Two-time CL MVP Ramirez to sign with independent league team


Alex Ramirez, the only foreign-born player with 2,000 hits in Nippon Professional Baseball history said Thursday he will sign with the Gunma Diamond Pegasus of the independent Baseball Challenge League.

Ramirez, who was released by the Yokohama BayStars last fall after spending much of the 2013 season in the minor league, told Kyodo News by telephone, “I’m so happy to have this opportunity to show these people, show NPB teams I can still play.”

Salaries in the six-team circuit are capped at ¥400,000 a month, a tiny fraction of what Ramirez, a two-time Central League MVP earned in his days with the Tokyo Yakult Swallows, Yomiuri Giants and BayStars. The team has also asked Ramirez to help out as a batting coach as well.

“There are so many merits in acquiring a player of Ramirez’s caliber,” Gunma Diamond Pegasus representative Takeyuki Ito said. “He is a true professional. We are looking forward to what he’ll do for our offense, and to the kind of impact his presence can have on a team made up of many young players.”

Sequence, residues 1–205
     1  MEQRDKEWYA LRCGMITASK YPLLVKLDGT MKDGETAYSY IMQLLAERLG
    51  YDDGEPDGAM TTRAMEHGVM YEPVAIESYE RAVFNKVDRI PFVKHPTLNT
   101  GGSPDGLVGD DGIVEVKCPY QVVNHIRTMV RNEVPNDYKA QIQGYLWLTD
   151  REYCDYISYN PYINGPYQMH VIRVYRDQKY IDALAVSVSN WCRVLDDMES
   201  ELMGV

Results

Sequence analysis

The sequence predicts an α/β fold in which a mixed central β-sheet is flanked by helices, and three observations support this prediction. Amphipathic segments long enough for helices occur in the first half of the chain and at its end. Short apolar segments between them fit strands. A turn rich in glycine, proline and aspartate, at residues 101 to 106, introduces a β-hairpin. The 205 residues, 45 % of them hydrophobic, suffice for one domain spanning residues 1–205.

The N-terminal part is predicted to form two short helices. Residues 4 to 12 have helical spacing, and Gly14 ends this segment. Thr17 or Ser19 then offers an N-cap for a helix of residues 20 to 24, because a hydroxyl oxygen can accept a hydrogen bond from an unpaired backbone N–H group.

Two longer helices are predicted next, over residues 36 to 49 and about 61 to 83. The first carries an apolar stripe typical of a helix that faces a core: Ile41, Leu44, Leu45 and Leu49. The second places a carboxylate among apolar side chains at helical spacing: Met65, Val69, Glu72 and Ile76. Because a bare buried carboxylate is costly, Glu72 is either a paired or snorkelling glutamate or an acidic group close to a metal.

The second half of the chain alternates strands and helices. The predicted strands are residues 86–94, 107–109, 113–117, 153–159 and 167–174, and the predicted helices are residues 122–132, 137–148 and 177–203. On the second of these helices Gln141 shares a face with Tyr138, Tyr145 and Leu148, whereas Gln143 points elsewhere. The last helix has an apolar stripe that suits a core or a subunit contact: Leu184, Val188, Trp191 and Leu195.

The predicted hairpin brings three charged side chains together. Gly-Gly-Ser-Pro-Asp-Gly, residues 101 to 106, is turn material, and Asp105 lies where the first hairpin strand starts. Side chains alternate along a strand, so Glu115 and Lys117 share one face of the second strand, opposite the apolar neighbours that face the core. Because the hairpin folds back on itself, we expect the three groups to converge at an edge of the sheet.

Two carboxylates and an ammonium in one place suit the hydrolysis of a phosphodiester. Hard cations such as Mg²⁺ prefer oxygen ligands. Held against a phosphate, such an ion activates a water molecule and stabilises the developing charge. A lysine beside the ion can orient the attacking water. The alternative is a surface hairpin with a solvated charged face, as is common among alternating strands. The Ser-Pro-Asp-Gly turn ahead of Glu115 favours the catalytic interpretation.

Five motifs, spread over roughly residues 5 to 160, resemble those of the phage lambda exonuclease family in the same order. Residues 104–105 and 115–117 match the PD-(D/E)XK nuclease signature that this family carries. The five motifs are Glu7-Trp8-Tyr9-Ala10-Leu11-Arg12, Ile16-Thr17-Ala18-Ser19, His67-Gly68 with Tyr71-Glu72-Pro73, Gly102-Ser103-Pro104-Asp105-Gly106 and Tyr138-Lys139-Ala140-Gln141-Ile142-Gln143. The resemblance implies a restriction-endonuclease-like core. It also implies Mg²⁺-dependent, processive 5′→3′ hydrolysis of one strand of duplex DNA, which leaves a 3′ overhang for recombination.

In addition to his in-game effort, Ramirez has been a fan favorite for the attention he spends on the paying customers and is well known for his performances after hitting home runs.

“In terms of fan service, he brings more than even Japanese players do,” Ito said. “He has a large following from the Swallows, Giants and BayStars, and we believe he is going to create a lot of energy and excitement that will get families to come out to the ballpark.”

Ramirez reached his 2,000-hit milestone early in the 2013 season, but played in just 56 games last season for the BayStars. In the minors, he batted .301 with three homers in 26 games for Yokohama’s Eastern League club last season.

He is 20 home runs shy of 400 in his Japan career and has said that, and managing in Japan, are two of his top goals.

“I’m so excited. You have no idea,” he said. “I’m not trying to play for the money. Teams were saying, ‘Rami-chan, you’re a superstar, you’re too expensive.’ But it’s not about that. It’s about the opportunity to get back on the field.”